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Calling a Stored Procedure in PowerApps

It would be fantastic to have stored procedure access to PowerApps. It's a feature presently blocking a number of customers of ours from implementing PowerApps since much of their logic is in the sprocs already. They don't want to implement Flow for this since they see it as another cog to pay for. This seems like pretty core functionality but there must be some big technical blocker from MS implementing it. 

Status: Under Review
Comments
Level 8

@RussellGove, I agree with you there of course since I'm a data guy at heart. I'm doing a live video in about 45 minutes here (9amEST) to walk through how to do this with the assistance of Flow: https://www.youtube.com/watch?v=qb9Sloxw8wc. There will be a recording in case you miss it at the same link.

 

I realize it's not perfect but it's the only way at this time outside of a custom connector. 

Level 8

Another option, for DB guys, to avoid flow it to use what we in LightSwitch called the 'Command Table Pattern'.

 

Basically you create a table in SQL Server database that accepts 'command' records.  Then you create an AFTER INSERT TRIGGER in SQL on this table which executes sprocs server-side.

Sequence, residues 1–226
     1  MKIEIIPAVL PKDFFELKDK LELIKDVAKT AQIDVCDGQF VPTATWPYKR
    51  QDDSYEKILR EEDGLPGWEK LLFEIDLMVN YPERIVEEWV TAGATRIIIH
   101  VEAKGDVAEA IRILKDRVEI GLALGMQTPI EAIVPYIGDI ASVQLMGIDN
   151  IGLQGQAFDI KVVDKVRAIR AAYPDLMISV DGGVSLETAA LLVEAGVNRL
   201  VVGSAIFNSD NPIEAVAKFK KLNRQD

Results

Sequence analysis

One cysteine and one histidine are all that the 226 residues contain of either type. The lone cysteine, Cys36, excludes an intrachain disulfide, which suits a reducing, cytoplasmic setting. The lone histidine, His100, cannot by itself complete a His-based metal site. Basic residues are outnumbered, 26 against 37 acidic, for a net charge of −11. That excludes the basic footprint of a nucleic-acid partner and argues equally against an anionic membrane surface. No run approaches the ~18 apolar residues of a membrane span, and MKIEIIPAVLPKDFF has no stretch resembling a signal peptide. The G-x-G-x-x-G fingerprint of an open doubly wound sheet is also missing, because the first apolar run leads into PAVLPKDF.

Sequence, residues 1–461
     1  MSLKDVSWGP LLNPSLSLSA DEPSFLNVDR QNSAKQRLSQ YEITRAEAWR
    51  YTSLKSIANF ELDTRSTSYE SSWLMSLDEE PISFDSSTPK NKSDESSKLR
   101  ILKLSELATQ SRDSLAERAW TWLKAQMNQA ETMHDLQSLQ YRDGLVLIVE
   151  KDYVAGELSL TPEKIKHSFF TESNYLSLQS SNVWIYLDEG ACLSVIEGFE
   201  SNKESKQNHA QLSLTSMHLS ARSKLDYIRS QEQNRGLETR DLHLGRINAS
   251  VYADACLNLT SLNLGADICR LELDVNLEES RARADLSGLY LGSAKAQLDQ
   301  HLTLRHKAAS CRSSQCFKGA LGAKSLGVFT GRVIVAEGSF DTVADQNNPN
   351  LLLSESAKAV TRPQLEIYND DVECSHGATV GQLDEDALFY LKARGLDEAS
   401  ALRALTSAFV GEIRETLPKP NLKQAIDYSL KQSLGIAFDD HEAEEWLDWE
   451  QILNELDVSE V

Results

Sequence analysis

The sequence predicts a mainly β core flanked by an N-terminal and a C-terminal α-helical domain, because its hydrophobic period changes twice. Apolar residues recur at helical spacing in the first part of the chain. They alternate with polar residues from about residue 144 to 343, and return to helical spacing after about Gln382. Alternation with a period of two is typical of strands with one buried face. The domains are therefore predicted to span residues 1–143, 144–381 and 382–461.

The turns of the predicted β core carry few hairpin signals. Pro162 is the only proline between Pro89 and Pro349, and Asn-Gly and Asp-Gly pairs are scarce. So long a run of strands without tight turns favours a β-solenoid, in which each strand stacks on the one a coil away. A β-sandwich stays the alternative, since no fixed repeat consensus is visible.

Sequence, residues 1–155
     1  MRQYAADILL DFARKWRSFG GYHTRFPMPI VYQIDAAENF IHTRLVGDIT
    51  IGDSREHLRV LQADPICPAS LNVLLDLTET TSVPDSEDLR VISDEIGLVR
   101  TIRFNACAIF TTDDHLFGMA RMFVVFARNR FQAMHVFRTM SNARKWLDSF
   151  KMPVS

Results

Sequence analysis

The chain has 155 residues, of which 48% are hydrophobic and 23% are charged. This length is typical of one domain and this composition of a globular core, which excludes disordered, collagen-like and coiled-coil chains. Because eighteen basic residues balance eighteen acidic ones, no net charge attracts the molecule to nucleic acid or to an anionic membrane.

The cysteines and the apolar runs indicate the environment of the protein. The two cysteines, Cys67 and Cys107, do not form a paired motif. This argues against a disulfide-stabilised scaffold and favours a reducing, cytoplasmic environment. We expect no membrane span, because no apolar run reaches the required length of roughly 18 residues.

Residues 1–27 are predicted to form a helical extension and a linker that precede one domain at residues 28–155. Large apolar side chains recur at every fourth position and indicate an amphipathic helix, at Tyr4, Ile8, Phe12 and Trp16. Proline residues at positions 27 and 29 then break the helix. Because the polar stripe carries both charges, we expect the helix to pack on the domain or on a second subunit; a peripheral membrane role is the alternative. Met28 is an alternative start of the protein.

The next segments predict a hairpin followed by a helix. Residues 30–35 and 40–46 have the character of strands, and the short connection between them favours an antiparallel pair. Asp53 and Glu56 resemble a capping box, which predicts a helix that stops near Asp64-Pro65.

PowerApps will add a record in this table and the sprocs execute on the server and update this table with result.

 

This is easy for spocs that just execute an 'action' on the server without a bunch of input variables/fields, but can also be used to pass data with more config.

 

HTH,

Josh

Level 8

Thanks @BrianKnight, greate viedeo.! So with that IsError thing you spoke about can i pass an error from the sproc, through the flow, and back to the powerapp?

Level 8

 Hi @RussellGove I'm afraid I misspoke in the video. It's actually IfError. I'll work on an example today for that and post soon. It's still experimental and tempermental. Smiley Happy

Level: Powered On

Thanks fot posting this important idea Brian.

Level: Powered On

I would love to be able to called Stored Procedures directly from PowerApps. I prefer to have all my code in the same place and using Flows for this seems both convoluted and unmanageble. It's just gonna evolve into another list of code-snippets that has to be managed and maintained.

Hopefully this is not derailing the topic too much but @joshbooker , could you elaborate on your Command Table Pattern and how you implemented it? I'm specifically having an issue with the use of Triggers on tables that PowerApps wants to insert into. I'm getting the error 

The target table 'dbo.xxxx' of the DML statement cannot have any enabled triggers if the statement contains an OUTPUT clause without INTO clause.

Which is discussed in the following post. If you actually bypassed this problem I would love to hear your solution!

But on topic, please implement calling stored procedures directly from powerapps ASAP. It would provide a good implementation for many issues I have with PowerApps (such as Transactionality over inserts into multiple tables)

Any update on this ? @rc